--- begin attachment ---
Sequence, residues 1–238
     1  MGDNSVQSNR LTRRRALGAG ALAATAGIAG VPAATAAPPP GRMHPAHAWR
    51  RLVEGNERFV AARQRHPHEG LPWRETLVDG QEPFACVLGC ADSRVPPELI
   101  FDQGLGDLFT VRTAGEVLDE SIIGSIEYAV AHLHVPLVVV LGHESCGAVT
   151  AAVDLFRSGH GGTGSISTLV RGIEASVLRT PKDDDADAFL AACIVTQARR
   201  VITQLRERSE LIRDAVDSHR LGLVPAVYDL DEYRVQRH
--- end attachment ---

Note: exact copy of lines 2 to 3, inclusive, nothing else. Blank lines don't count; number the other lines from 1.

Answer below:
     1  MGDNSVQSNR LTRRRALGAG ALAATAGIAG VPAATAAPPP GRMHPAHAWR
    51  RLVEGNERFV AARQRHPHEG LPWRETLVDG QEPFACVLGC ADSRVPPELI